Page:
The FT Markets Data Archive site ( http://markets.ft.com/data/dataarchive ) does have FTSE 100/250 data, but only current data. They also keep changing the website and therefore the URLs (website addresses) which is a pain.
The current URL for the World Markets at a Glance report is:
Just change the date at the end (160902 is 2016/09/02) to whatever data you like. However, this only goes back so far (not sure exactly how far).
The older FTSE Actuaries Share Indices reports can be found at:
Again, 311013 is the data and can be changed (311013 is 2013/10/31)
You can also get those reports by using their Browse Reports function, filtering by ‘equities’ and ‘FTSE Actuaries Share Indices’ and then whatever dates you like.
In terms of older FTSE 100 data I have an old spreadsheet which I don’t update, but it does have data going back a few more years:
FTSE 100 CAPE data.xls
Hopefully that should be enough to get you going!
Thanks John, I’ve saved those links and I think for the moment I’ll just stick to comparing the dividend yield to make sure shares I buy are above the relevant index’s average. Collecting historic data to calculate index PE10, PD10 and so on seems like more effort than it’s worth for me.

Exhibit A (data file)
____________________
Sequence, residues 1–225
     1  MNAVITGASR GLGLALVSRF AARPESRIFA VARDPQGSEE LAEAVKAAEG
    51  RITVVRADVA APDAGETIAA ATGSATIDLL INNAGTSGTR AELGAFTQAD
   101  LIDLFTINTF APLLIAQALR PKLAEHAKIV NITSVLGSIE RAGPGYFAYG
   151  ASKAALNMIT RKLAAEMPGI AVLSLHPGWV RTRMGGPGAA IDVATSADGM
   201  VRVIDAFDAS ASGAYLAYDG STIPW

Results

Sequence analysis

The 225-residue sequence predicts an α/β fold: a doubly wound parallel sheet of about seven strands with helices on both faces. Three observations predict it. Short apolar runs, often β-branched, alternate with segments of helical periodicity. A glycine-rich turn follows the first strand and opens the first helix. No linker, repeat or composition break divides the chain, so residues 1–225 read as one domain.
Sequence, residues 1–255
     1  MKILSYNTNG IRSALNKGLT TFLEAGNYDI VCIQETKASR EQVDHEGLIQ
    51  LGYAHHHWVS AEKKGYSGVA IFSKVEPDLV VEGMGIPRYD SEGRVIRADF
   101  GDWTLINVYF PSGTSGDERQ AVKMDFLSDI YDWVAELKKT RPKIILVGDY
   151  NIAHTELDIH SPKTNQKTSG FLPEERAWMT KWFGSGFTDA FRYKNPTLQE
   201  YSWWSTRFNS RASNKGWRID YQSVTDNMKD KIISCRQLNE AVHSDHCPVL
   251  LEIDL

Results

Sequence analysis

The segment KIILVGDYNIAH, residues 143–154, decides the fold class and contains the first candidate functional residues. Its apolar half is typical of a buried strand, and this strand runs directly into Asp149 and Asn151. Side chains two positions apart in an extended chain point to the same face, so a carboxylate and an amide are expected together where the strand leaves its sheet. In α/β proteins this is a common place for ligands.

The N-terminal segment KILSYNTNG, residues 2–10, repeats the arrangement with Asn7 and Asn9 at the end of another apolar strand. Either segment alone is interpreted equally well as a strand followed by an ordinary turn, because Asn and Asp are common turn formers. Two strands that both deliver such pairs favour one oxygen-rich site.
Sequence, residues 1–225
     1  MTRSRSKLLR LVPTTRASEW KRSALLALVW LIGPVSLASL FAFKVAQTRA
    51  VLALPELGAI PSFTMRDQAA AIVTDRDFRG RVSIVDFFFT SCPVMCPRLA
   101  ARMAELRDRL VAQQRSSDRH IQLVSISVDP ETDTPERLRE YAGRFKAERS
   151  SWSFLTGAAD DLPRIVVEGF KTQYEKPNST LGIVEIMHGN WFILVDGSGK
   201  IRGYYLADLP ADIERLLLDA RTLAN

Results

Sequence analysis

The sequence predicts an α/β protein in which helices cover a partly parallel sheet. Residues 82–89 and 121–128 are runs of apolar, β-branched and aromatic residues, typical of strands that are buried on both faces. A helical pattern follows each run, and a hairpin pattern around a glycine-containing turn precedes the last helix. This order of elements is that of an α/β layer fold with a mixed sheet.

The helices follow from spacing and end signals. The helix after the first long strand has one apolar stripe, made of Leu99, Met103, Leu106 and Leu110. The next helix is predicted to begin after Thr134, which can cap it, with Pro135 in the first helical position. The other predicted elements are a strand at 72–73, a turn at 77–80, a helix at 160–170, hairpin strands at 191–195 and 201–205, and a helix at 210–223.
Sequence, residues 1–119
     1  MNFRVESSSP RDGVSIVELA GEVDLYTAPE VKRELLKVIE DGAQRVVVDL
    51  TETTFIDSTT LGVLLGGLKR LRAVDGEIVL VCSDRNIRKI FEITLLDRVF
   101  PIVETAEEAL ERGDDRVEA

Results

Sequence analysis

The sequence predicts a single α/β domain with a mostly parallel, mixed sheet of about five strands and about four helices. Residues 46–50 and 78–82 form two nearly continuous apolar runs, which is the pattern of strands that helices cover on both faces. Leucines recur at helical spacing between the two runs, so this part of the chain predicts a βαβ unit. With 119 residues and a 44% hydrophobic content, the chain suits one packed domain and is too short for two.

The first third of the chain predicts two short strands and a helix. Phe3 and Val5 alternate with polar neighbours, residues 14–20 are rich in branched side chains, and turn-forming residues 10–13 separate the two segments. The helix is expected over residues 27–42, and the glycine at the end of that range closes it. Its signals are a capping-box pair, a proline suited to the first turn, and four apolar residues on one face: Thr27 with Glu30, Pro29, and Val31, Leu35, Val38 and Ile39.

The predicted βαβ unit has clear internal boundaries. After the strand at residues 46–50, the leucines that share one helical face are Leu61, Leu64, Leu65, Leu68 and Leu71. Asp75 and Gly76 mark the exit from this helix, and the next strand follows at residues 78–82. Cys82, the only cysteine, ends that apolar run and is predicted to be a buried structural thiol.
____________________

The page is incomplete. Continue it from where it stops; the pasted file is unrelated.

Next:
The hardest part of all this is actually finding data, compared to that the actual company research is straightforward!
John Kingham says
I would say the hard bit is getting the data for free. There are data sources such as ShareScope/SharePad, Morningstar and Sharelockholmes, all of which have 10 years of data, but you have to pay for it.
So as with most things there is a trade off between the cost of paying for data and the time cost of collecting it by hand.
Or of course you could use a simpler system like your high yield method, and hope that the net result is just as good.
Actually I pay for sharelockholmes, very useful for the UK. My difficulty is more calculating the whole-index ratios as I don’t believe sharelockholmes has it. It’s even more difficult for other countries (ASX and DAX/MDAX are what I’m interested in besides FTSE).
Instead of trying to keep above the averages for the index in things like div yield or PE10 I’ve just set myself minimums for those values a little bit stricter (e.g. growwth quality >75%)
John Kingham says
Oh Okay, my mistake. Yes, old data for indices is hard to get as far as I know, other than the S&P 500.